Howdy and welcome to a hopefully insightful blog about the Versioning feature in Provisioning Services 6.x
It occurred to me through replying to a comment on my own blog about PvD and after speaking to a colleague yesterday that although Versioning in PVS has been available since 6.0 which was released in September 2011 (?) and that although people are using PVS 6.x, they may not know of or fully understanding the new versioning feature. I know of a couple of customers that are on PVS 6.x are do not use it and have since been educated in the marvellous ways of this well needed feature that is a) pretty exciting as IT goes and b) makes PVS soooooooooo much easier now.
This post will cover how to use the Versioning feature, including change the VM type, booting different versioned images of the same vDisk and some (hopefully) handy tips!
In the olden days, when IT was king and the user was a nuisance you had to put up with, updating a PVS image was the most clunkiest thing ever. You had a make a complete copy of a 40-50GB disk, rename it, change it to Private Mode, add it to a VM, boot, make your changes, reseal, shutdown, remember to put it back into Standard Mode, roll the image out to test server(s) and make sure all was well. Then depending on your approach, you would either have to rename it again or assign it to all your productions servers/desktops. Wow, how did PVS survive for so long?
Now, although the updating of the actual disk hasn’t changed (you still have to turn it on and install stuff), there is no longer need to copy the bloody thing (taking up storage) and do all the renaming and assigning palaver.
Now you can create a chained difference disk which, like a snapshot for a virtual machine (VM), will be chained to the “master” but will contain all the changes made from that point forward. This has the following advantages:
1) Takes up less disk space as you do not have to copy the whole disk.
2) You can easily roll back changes, like with a snapshot for a VM, you can just revert to the previous state if the update fails or you have issues with the changed vDisk.
3) You have a record of change control to the vDisk.
4) You leave the actual vDisk in Standard Mode and never have to change it to Private.
Click here for Citrix’s explaination of the chained difference disk
Here’s how it works;
From within the PVS Console, navigate to the vDisk Pool and then right-click on the vDisk you wish to alter and select Versions…
You can see that there is just the one version, Version 0 which is the Base image. Note that you have to have the vDisk in Standard Mode otherwise you will not see the Versions… option from the menu.
From the vDisk Versions window, click New. You will now see that there is a new version created, in this instance, version 2 with an Access type of Maintenance. This is the read-write difference disk (.avhd) file. Click Done.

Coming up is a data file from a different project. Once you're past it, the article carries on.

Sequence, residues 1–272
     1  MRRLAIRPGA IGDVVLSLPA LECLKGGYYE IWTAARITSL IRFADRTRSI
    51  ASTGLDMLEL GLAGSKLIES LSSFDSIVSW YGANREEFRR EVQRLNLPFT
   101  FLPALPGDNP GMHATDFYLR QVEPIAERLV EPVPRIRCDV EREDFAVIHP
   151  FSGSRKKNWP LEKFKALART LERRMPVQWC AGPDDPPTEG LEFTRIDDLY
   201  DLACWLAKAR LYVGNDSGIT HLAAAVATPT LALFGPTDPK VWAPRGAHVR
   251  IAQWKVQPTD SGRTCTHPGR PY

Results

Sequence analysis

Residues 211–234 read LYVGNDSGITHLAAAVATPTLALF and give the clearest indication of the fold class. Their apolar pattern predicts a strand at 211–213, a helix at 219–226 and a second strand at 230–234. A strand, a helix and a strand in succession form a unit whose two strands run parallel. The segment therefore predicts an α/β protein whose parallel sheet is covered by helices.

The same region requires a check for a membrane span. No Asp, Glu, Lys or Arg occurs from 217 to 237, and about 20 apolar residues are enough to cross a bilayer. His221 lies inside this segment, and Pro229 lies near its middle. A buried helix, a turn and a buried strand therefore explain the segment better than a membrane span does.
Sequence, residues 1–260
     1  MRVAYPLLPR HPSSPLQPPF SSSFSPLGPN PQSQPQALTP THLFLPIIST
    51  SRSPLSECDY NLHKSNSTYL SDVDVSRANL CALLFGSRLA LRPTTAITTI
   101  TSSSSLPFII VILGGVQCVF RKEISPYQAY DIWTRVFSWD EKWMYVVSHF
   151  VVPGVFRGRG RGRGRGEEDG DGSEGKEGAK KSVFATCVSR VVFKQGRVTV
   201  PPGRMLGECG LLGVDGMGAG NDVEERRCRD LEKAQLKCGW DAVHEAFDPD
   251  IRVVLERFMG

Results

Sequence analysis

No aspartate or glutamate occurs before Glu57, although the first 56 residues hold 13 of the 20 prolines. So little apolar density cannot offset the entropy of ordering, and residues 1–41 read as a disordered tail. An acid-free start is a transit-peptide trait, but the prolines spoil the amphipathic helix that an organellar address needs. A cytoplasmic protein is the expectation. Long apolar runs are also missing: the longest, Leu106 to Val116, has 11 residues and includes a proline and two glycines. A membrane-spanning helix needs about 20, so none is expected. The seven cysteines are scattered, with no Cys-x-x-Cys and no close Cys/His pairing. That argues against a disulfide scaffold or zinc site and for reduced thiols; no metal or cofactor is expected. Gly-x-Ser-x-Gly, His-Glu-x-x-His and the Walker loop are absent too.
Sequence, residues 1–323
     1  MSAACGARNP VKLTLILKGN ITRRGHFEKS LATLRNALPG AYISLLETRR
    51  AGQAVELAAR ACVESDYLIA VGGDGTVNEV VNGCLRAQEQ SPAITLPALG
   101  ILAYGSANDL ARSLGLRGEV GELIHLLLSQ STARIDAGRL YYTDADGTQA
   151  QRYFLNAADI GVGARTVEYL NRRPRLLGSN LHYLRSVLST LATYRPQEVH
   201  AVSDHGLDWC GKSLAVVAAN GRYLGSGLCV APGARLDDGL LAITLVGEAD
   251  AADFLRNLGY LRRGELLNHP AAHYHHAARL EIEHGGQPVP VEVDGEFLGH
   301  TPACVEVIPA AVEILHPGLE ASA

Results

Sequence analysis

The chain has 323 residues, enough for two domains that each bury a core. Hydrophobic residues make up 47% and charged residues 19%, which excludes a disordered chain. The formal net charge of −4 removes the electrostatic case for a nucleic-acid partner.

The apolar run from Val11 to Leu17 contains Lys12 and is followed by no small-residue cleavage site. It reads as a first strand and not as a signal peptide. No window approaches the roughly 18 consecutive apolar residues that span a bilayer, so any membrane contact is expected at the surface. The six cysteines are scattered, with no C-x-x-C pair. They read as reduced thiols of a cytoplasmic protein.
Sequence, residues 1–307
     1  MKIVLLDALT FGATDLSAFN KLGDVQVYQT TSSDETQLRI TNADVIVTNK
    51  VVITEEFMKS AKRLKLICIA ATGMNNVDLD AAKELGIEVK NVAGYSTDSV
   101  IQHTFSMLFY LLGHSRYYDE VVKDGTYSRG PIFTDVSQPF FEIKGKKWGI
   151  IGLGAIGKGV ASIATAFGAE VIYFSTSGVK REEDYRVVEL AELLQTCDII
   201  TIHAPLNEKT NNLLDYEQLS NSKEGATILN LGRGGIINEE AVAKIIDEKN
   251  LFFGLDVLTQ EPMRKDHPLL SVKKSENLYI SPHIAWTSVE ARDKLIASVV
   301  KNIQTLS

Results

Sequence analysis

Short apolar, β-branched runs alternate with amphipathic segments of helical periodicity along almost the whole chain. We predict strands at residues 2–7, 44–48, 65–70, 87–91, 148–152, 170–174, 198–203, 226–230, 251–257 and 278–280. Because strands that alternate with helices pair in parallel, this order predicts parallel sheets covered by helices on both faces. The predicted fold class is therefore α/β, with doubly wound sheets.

If you go to your vDisk store, you will now see the difference disk .avhd file. When you boot the image from this new maintenance disk, you can see it grow in size. It isn’t uncommon for 600MB to be written to the disk just during boot up for a Windows 2008 R2 box and 200MB for a Windows 7 one! I have marked the original .vhd file in yellow and the new, .avhd difference disk in red.
Back in the PVS Console, navigate to the Device Collection that houses the VMs that boot from the PVS image. In this case we will be making changes to the XenDesktop device collection. You can see that there is already a target device XD001 with a type Maintenance. This will be the device we boot from the Maintenance image. The other devices are set to Production and cannot be booted from the maintenance version of the PVS image, only the Production image. I’m sure you are starting to see the pattern here J
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My preference is to have a separate VM for both the Maintenance and Test images. This way, you will not have to change the assignments within the Device Collection, making it even easier to change, test and rollout new updates to the vDisk. All you will have to do is boot up the VM, select the image and voila! I accept that this isn’t always possible due to capacity within your virtual estate but it is highly recommended and will make it easier to keep track of things.
So, we now have a maintenance image, a VM in Maintenance mode so what we need to do now it boot it up. Now, something to bear in mind is that when you boot a vDisk in Maintenance or Test mode, there is one further piece of manual intervention. When the Maintenance/Test image boots up, it will prompt you to choose which image you wish to boot from. The VM will sit on this screen indefinitely so if you are wondering why the VM hasn’t booted, check in the console to see if it is waiting for user input.